“Julianne Pachico’s The Lucky Ones offers a blunt, fresh and unsentimental look inside Colombia’s last thirty bloody years. . . . An enjoyable and freaky joy ride. . . . What really drew me in is her ability to describe emotions. . . . Pachico conveys the fear that Colombian children grow up with—she made that pit in my stomach open up again. . . . At the end you’ll come out of this ride with a better understanding of Colombia’s surreal state of affairs. . . . [She creates] a millennial’s view (not a criticism!) of the complexities of Colombia, full of existential angst and funny details. . . . Go to Pachico’s Colombia.”—Silvana Paternostro, The New York Times Book Review

“[A] brilliantly wacked-out collection of linked stories about Colombia’s long civil war.”—NY Mag

“Thrilling . . . The Lucky Ones is no ordinary coming-of-age novel. Julianne Pachico’s remarkably inventive debut navigates what it means to grow up wealthy amid the reality of conflict in Colombia. . . . [It] roil[s] conventions of form and narrative . . . with plenty of twists and turns in between. . . . In tackling the challenge of delineating childhood life and brutal war, of untangling the ordinary and the extraordinary, Pachico dares to disorient her readers. . . . ‘History is and is not ephemeral; situations and events evaporate, but their moral and intellectual residue does not,’ Cynthia Ozick wrote in the introduction to her collection of essays Quarrel and Quandary. In The Lucky Ones, Pachico has shaped that residue into constantly surprising form. History, she recognizes, is only the beginning.”The Atlantic
“Relentlessly rewarding . . . with traces of Gabriel García Márquez’s News of a Kidnapping, Pachico’s unapologetically immersive first novel brings life to a South American struggle often forgotten in global headlines.”—Booklist

“An expansive tapestry of a debut.”Elle

“Riveting . . . [A] carefully yet fiercely composed collage of voices that bears witness to the executions, forced disappearances, and other atrocities that took place in Colombia from 1993 to 2013 during the country’s violent civil war . . . [A] searing glimpse into the conflict . . . Having lived in Colombia until she turned eighteen, Pachico has a firsthand connection to the country’s charms and troubles that shines through on every gripping page.”Publishers Weekly (starred review)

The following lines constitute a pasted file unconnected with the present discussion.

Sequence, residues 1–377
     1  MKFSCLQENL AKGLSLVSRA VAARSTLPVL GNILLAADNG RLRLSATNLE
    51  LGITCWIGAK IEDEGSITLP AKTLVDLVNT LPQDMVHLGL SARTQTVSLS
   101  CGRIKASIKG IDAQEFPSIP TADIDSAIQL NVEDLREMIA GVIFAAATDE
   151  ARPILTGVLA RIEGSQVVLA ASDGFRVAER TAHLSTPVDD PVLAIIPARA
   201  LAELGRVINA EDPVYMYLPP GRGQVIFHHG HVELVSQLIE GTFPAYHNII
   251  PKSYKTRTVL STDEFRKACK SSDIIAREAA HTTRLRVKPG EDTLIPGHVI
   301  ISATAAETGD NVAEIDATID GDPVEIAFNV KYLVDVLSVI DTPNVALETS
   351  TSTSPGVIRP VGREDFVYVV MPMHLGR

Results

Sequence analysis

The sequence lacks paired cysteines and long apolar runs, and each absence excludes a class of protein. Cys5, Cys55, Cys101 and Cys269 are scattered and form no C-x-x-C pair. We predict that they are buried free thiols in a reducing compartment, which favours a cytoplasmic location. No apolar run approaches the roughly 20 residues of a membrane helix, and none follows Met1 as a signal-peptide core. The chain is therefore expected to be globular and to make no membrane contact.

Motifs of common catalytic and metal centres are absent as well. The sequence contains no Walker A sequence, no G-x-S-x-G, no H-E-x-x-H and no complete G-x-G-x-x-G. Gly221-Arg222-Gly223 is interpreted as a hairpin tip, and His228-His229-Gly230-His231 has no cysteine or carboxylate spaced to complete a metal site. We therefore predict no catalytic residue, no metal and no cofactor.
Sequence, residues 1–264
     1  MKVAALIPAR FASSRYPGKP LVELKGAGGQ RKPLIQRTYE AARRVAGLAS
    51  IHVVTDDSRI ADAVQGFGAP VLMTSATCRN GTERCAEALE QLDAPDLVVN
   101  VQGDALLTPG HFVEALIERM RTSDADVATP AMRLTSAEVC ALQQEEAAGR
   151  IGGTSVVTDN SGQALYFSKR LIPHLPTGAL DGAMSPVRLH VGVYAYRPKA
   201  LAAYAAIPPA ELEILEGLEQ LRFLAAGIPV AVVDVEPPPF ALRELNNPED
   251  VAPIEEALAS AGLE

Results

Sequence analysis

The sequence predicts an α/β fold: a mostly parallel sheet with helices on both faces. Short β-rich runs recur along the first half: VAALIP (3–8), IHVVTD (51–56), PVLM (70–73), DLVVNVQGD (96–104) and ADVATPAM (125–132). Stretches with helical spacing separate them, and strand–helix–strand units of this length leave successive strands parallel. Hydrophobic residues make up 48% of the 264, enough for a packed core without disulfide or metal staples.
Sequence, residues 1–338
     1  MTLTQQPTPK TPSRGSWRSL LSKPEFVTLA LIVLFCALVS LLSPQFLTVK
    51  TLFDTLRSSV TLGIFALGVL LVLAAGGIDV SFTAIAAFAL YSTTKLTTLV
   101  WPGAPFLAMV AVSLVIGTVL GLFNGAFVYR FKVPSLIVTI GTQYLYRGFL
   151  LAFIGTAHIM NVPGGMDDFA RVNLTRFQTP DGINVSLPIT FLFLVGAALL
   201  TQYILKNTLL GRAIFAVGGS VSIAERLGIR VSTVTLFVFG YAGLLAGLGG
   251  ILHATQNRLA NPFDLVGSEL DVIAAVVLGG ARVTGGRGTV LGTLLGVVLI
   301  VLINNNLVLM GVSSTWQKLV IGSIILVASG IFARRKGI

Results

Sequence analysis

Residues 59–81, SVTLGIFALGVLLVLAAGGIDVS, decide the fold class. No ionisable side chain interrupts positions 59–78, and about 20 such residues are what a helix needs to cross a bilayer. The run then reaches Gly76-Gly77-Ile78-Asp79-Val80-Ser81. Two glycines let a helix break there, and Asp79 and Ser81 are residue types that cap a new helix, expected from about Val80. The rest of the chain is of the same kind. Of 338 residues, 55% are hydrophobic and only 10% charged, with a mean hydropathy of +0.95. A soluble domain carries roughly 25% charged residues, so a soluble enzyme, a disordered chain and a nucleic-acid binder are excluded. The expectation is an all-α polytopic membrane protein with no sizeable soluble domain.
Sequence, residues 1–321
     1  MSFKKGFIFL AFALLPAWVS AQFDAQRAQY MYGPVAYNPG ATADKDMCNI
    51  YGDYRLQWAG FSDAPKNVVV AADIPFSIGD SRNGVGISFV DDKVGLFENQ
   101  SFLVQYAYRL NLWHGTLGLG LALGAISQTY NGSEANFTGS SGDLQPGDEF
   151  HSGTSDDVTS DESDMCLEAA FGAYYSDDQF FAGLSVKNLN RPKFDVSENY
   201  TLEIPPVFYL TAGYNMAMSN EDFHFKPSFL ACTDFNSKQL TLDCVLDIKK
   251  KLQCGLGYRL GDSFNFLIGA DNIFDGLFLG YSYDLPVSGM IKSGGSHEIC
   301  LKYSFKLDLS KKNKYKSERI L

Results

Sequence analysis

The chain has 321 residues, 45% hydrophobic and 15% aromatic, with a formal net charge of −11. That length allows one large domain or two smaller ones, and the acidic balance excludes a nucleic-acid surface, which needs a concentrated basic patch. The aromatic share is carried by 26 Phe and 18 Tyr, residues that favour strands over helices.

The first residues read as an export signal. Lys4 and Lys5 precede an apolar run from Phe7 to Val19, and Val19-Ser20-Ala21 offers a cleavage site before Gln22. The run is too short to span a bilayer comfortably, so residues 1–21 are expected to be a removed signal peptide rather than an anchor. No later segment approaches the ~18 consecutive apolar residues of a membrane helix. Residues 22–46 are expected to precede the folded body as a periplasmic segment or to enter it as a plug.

“Julianne Pachico’s tough and stunning novel set in both the Colombian and New York drug jungles kept this reader up all night and made her double-check that her front door was locked tight.”—Lily Tuck, National Book Award–winning author of The News from Paraguay and The Double Life of Liliane

“Julianne Pachico takes a hammer and brings it down on the superficial gloss of history, piecing the fragments into a kaleidoscopic collage that tells a deeply observed, stylistically adventurous, and emotionally riveting story of people caught up in the violence of Colombia’s guerrilla insurgencies. Moving effortlessly between the surreal and the real, sometimes in the space of a single sentence, Pachico delivers one of the most original and mesmerizing debuts I’ve read in years.”—Marisa Silver, New York Times bestselling author of Little Nothing and Mary Coin

“Every episode of The Lucky Ones enlivens and unsettles in its own way. Their cumulative power derives from the way they expose the fragility of any kind of security, and the interconnectedness of lives across gulfs of time and society. It’s a riveting work of fiction.”—James Scudamore, award-winning author of Heliopolis and The Amnesia Clinic

“[An] unforgettable whirlwind of a debut . . . Taken alone—and some have been published as such—the chapters work as complete short stories, full worlds as vibrant and jarring as fever dreams. But together, they form something much larger, revealing a complicated and morally ambiguous web of interconnecting lives. Unsettling and pulsing with life; a brilliantly surreal portrait of life amid destabilizing violence.”Kirkus Reviews (starred review)

“The volatile, concentrated world of The Lucky Ones immediately surrounds the reader. We are compelled to follow Julianne Pachico deep into the fears, fantasies, and denials of her characters, whose susceptibilities we must recognize as our own.”—Lavinia Greenlaw, author of A Double Sorrow